In Italy a cancer death on Tuesday (10 July), the third anniversary of the Seveso disaster, has revived fears of the insidious after effects of what's been dubbed 'Italy's Hiroshima'.
GV PAN Town of Seveso
TRAVELLING SHOT PAST Seveso road sign
LV PULL BACK AND SV FROM Church clock TO street scenes in Seveso, children playing etc. (5 shots)
SV Men playing boule
LV PAN AND TV FROM House on edge of disaster area TO fenced off land with sign 'Zona Inquinata' (Zone A)
SV Sign over hospital at Desio
CU Shots of two burned girls both before and after treatment (4 shots)
CU Two Seveso children under three years old (2 shots)
CU A kitten and a puppy (2 shots)
SV & CU People in market place (7 shots)
SV & CU People playing care outside cafe (3 shots)
SV & LV Lady cutting lawn and another tending flowers on balcony (2 shots)
TILT SHOT FROM Balcony TO child playing on garden swing
The owners of the Icmesa plant, the Swiss Drug company Givaudan, part of the Hoffman La Roche chemical group, has paid about 25 million dollars for emergency housing in Seveso. But now the local authorities around the area have started a civil action which, if successful, could result n the firm having to meet the full costs of overcoming the disaster....estimated to be about 130 million dollars.
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Background: In Italy a cancer death on Tuesday (10 July), the third anniversary of the Seveso disaster, has revived fears of the insidious after effects of what's been dubbed 'Italy's Hiroshima'. Sixty-seven year-old Signor Michelangelo Policella of Seveso died after being treated for a lymphatic gland tumour. He had been in one of the worst contaminated areas during the disaster, and Signor Policella's doctor said he suspected dioxin poisoning.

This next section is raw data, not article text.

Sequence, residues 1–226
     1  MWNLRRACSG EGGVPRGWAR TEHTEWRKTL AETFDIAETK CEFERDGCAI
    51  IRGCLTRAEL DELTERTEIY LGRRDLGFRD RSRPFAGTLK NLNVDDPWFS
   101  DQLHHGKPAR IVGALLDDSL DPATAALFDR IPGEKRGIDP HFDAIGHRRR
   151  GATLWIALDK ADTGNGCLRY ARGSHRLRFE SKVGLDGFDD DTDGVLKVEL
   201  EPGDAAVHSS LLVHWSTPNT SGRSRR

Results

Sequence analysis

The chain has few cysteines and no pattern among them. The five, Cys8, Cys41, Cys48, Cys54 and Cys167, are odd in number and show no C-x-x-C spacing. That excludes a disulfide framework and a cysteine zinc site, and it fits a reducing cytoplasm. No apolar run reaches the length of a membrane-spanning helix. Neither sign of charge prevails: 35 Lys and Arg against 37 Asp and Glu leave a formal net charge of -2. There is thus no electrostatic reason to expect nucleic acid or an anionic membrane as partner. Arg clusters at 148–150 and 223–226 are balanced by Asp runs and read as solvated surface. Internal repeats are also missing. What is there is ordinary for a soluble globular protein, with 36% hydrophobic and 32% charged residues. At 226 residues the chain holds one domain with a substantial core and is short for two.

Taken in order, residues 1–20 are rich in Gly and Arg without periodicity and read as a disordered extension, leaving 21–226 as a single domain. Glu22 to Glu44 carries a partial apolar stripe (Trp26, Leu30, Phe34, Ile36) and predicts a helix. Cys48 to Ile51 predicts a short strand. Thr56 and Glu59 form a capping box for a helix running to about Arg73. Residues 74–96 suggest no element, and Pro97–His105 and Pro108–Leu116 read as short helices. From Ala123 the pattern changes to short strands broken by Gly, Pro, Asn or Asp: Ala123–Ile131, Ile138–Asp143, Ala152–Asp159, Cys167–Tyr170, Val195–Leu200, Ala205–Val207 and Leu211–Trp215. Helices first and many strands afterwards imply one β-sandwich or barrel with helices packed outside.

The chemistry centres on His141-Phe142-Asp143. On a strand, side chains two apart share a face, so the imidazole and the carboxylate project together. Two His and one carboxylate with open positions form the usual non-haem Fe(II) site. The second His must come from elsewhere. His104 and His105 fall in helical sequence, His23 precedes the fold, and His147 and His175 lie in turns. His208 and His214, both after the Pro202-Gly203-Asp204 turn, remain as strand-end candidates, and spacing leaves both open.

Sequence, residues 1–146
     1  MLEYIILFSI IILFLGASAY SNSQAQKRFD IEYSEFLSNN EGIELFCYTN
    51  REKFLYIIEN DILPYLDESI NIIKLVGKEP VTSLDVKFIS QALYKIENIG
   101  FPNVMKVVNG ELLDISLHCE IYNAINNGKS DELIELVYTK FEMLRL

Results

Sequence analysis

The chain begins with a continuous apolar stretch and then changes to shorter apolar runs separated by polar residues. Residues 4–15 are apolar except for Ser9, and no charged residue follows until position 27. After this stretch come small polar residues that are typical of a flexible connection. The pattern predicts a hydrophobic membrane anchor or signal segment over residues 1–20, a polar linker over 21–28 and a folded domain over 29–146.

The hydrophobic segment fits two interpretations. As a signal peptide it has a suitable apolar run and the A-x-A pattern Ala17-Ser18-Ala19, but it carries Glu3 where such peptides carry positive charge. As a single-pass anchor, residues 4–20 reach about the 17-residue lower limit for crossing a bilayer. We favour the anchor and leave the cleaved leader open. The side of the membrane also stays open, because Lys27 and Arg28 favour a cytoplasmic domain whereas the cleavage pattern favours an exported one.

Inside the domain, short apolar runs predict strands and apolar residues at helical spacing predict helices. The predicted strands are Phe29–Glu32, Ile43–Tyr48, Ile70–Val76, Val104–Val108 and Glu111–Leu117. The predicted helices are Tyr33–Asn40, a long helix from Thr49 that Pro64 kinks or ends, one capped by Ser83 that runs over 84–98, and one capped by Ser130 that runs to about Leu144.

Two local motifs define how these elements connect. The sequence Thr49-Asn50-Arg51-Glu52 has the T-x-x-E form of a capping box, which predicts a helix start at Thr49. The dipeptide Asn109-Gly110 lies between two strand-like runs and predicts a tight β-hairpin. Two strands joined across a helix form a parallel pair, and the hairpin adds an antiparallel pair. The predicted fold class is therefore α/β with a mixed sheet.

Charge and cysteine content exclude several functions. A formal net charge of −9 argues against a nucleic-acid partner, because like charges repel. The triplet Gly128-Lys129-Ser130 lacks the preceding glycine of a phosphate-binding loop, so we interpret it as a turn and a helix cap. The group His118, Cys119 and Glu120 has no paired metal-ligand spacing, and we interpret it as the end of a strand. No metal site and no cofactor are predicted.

SYNOPSIS: On the surface life goes on as usual in Seveso, which lies about 16 kilometres north of Milan.
There are few apparent signs of the disaster which struck on July 10th, 1976, when an accident at a local chemical plant released a cloud of poisonous dioxin over the town. Ten days had elapsed before the authorities gave an order to evacuate. By ??? hundreds of animals had died, crops had withered, and many people were suffering from an ugly rash. Since then most of Seveso has been resettled.
However nobody knows when this area, Zone A, will be re-opened. It was the area near the plant most contaminated by the dioxin leak, and even now only people wearing special clothing and masks are allowed in. People have been barred indefinitely from returning to home in the surrounding land.
Little is known about the long-term effects of dioxin on the human body and the people of Seveso have been subject to regular medical checks since the disaster. Chloracne burns such as these young girls suffered were a major problem, but modern techniques have done much to help the victims.
The local company responsible for the dioxin leak, the Icmesa Chemical Works, claims life is back to normal now in Seveso. It commissioned this film to illustrate its claims that the people of the town want to get on with their lives as before, without outsiders coming in to 'stir up trouble'.
But, others who have been dealing with the after effects of the leakage are more sceptical.
Tests show the poison is still present in Seveso, and doctors are concerned at an increase in the number of deformed children born in the area. They believe the after effects must still be after effects must still be stringently monitored.